Kyiv or if you prefer Kiev, October 12, 2021
Ukraine’s media market is a bit like Silicon Valley in the early days. A place where new startups emerge and fresh ideas take wings. But media business is always a complicated matter. And chasing the audience gets harder as social media grow. Journalists compete even with Hollywood blockbusters for the time people are willing to spend reading or listening.
For now, media enterprises are seriously underfunded here, a fact that hardly reflects the business logic that the better the product, the better the price.
But the Covid-19 pandemic has had some upsides. In Ukraine one of them is that people have been motivated to look for reliable sources of information. And demand for entertainment (as for slippers and pyjamas) has, as everywhere, surged dramatically. The decline in audiences for classical television is also playing a part in driving growth for online media. But online journalists have to be ever more creative and original – as well as closer to the people for whom they are writing.
And they need to be as cunning as foxes to attract enough funding. A sustainable business model is evidently a must for any media that want to survive long-term, and withstand disruption by the economic cycle – GDP and inflation dynamics. It’s also vital to attracting investment.
But new, innovative media startups by a new generation of journalists are making a serious impact. Take Dev.ua, a website which was launched earlier this year covering Ukraine’s booming technology sector, now growing by an annual 20-25%.
Dev.ua is attracting big audiences with well-produced news, features, and interviews, providing a holistic, up-to-date picture of what’s what. It doesn’t have a classical news feed: the tech market is not a news stock exchange with news every few minutes. Rather, Dev.ua editors stick to news which may well shape the destination to which the tech sector is heading.
Actively covering government tech policies – state-backed venture funds, digitalization, tax regulation, and scandals like fake call-centres, it presents new products and services as they become available. And it provides tech CEOs with a platform for their vision of the tech business in the next decade or so.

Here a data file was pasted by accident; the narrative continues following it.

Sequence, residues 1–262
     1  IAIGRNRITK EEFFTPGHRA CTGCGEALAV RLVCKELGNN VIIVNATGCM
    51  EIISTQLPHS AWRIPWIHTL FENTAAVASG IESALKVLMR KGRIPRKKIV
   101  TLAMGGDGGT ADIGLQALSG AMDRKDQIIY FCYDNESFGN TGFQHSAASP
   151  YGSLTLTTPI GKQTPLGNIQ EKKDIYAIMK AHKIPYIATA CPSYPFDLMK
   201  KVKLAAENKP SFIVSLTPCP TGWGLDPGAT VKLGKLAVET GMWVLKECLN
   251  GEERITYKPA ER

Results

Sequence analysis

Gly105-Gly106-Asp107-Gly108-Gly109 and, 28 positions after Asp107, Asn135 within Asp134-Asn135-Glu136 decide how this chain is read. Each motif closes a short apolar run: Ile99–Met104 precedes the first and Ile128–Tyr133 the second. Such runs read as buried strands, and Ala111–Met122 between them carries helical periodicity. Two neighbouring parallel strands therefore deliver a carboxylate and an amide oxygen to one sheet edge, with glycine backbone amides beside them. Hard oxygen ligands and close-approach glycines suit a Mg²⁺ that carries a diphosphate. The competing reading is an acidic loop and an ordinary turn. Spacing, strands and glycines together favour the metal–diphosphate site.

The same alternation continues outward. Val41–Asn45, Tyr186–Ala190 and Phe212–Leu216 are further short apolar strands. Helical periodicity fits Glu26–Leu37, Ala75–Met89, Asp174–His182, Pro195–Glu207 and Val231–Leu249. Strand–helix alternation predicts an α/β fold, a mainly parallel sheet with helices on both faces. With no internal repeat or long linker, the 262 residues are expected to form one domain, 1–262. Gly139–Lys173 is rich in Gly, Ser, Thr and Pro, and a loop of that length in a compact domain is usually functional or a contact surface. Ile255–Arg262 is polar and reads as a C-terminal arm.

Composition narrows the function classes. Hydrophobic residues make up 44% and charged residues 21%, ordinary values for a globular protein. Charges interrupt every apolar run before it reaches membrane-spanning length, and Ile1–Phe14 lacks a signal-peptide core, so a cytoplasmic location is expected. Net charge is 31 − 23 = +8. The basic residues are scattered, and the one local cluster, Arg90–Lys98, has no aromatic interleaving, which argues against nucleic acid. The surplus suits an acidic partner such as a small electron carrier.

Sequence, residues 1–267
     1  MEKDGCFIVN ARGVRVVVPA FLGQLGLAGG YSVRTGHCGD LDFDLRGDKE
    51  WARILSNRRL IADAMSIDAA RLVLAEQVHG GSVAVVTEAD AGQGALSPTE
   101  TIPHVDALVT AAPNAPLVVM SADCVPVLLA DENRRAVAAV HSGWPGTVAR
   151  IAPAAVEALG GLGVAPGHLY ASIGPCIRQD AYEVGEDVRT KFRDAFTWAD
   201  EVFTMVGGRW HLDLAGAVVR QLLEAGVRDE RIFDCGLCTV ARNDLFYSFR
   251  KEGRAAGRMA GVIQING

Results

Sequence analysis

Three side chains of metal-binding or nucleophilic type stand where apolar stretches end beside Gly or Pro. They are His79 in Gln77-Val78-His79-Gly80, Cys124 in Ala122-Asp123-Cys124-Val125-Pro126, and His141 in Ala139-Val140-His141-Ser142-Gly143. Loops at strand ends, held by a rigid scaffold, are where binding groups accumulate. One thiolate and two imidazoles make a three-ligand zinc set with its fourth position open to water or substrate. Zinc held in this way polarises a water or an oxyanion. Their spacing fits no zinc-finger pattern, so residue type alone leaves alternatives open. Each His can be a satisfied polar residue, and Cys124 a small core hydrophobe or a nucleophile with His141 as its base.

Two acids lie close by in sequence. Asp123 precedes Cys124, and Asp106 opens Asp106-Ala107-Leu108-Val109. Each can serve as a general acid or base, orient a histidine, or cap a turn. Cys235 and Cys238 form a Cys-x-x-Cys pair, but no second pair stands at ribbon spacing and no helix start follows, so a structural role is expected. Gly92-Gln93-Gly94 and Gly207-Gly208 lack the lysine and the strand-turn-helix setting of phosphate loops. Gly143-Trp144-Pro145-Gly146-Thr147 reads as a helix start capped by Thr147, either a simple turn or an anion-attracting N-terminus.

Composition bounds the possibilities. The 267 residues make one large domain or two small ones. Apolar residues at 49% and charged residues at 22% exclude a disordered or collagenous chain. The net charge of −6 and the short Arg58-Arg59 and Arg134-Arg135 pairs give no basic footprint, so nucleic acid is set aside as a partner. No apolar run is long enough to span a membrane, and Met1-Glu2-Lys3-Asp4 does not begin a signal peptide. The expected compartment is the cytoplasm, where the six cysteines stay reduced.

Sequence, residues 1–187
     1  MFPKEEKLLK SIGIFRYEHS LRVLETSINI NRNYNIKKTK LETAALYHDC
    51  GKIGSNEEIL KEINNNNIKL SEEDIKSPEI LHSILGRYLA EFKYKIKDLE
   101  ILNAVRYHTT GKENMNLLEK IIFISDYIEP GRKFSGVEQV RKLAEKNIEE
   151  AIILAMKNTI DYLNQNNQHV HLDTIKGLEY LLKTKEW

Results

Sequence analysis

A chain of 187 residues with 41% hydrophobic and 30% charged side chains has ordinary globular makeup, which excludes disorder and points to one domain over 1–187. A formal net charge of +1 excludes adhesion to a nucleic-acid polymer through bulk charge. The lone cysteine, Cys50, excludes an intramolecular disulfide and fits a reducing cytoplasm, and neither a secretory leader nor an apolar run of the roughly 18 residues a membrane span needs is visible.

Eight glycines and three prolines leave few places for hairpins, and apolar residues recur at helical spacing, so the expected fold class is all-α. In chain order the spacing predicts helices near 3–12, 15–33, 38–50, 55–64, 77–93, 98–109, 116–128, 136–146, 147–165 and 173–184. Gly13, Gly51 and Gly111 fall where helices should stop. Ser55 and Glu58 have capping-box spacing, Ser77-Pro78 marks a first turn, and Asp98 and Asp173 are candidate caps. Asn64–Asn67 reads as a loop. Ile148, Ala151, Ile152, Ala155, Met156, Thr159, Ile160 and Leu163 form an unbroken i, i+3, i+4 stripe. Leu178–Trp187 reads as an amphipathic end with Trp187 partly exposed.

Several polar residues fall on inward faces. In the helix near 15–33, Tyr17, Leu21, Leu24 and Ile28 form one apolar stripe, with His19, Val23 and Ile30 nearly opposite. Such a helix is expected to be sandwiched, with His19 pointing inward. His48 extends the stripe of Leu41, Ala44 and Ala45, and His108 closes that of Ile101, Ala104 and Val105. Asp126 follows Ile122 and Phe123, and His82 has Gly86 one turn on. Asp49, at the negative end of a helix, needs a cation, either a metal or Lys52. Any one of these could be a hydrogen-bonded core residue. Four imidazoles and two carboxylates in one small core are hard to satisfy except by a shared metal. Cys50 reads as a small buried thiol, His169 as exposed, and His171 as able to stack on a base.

Tvoe Misto, a news empire based in the once-Habsburgian city of Lviv (or in German Lemberg), is also home to blossoming innovative media. While all major news publications are based in Kyiv, Ukraine’s capital, Tvoe Misto has become a number one choice for online news consumers in western Ukraine, which an FT article wistfully described as “A land time forgot: despite its population of 750,000 – on a par with Kraków – the city has maintained its quiet, idyllic charm”.
Not so quiet any more. It has a vibrant economy, with agriculture and tech sectors growing faster than elsewhere in the country. But there is significant emigration of local people leaving to find jobs in Poland, Italy, or the Czech Republic. The platform fulfils a significant social role by
showing that there are, after all, perspectives for a comfortable life in Lviv or Ivano Frankivsk, a once-Polish city annexed by Austria in the 18th century. It’s another bustling, generally prosperous, Ukrainian city.
The news-site covers Lviv’s lively cultural life, pointing to successful art projects, as well as sponsorship and funding opportunities for creative young people. Tvoe Misto also focusses on the city’s economy – public transport, air travel, and privatisation of local assets.
And it has a strong opinion section where columnists react to what’s going on with Lviv fashion trends ,or in the city’s municipal companies, and has become a lively platform to discuss anything from museum exhibitions to the latest Ukrainian film-releases.
Its CEO, Taras Yatsenko is an energetic media manager, a graduate of the Aspen Institute
Kyiv. It has educated a new generation of Ukrainian business and civil society leaders like him. He firmly believes in the future of Ukrainian media.